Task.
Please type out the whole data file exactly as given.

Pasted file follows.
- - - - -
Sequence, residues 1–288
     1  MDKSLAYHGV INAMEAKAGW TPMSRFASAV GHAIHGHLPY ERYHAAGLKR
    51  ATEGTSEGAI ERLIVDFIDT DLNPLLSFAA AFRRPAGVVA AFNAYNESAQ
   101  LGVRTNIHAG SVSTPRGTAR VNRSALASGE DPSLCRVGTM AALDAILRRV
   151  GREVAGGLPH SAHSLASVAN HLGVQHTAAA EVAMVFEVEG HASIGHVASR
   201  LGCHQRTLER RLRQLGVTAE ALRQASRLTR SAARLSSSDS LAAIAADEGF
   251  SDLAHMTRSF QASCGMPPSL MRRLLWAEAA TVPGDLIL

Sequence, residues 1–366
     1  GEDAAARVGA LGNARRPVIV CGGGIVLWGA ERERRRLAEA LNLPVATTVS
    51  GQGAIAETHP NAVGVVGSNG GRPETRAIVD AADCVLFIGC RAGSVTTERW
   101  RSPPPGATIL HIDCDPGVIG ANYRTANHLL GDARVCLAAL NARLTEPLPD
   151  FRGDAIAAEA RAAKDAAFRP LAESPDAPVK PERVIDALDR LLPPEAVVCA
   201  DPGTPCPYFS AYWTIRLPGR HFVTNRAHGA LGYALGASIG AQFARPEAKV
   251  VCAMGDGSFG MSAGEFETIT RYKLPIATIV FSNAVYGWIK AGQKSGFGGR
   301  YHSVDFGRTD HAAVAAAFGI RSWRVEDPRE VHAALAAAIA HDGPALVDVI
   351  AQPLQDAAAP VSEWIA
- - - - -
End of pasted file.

Sequence, residues 1–288
     1  MDKSLAYHGV INAMEAKAGW TPMSRFASAV GHAIHGHLPY ERYHAAGLKR
    51  ATEGTSEGAI ERLIVDFIDT DLNPLLSFAA AFRRPAGVVA AFNAYNESAQ
   101  LGVRTNIHAG SVSTPRGTAR VNRSALASGE DPSLCRVGTM AALDAILRRV
   151  GREVAGGLPH SAHSLASVAN HLGVQHTAAA EVAMVFEVEG HASIGHVASR
   201  LGCHQRTLER RLRQLGVTAE ALRQASRLTR SAARLSSSDS LAAIAADEGF
   251  SDLAHMTRSF QASCGMPPSL MRRLLWAEAA TVPGDLIL

Sequence, residues 1–366
     1  GEDAAARVGA LGNARRPVIV CGGGIVLWGA ERERRRLAEA LNLPVATTVS
    51  GQGAIAETHP NAVGVVGSNG GRPETRAIVD AADCVLFIGC RAGSVTTERW
   101  RSPPPGATIL HIDCDPGVIG ANYRTANHLL GDARVCLAAL NARLTEPLPD
   151  FRGDAIAAEA RAAKDAAFRP LAESPDAPVK PERVIDALDR LLPPEAVVCA
   201  DPGTPCPYFS AYWTIRLPGR HFVTNRAHGA LGYALGASIG AQFARPEAKV
   251  VCAMGDGSFG MSAGEFETIT RYKLPIATIV FSNAVYGWIK AGQKSGFGGR
   301  YHSVDFGRTD HAAVAAAFGI RSWRVEDPRE VHAALAAAIA HDGPALVDVI
   351  AQPLQDAAAP VSEWIA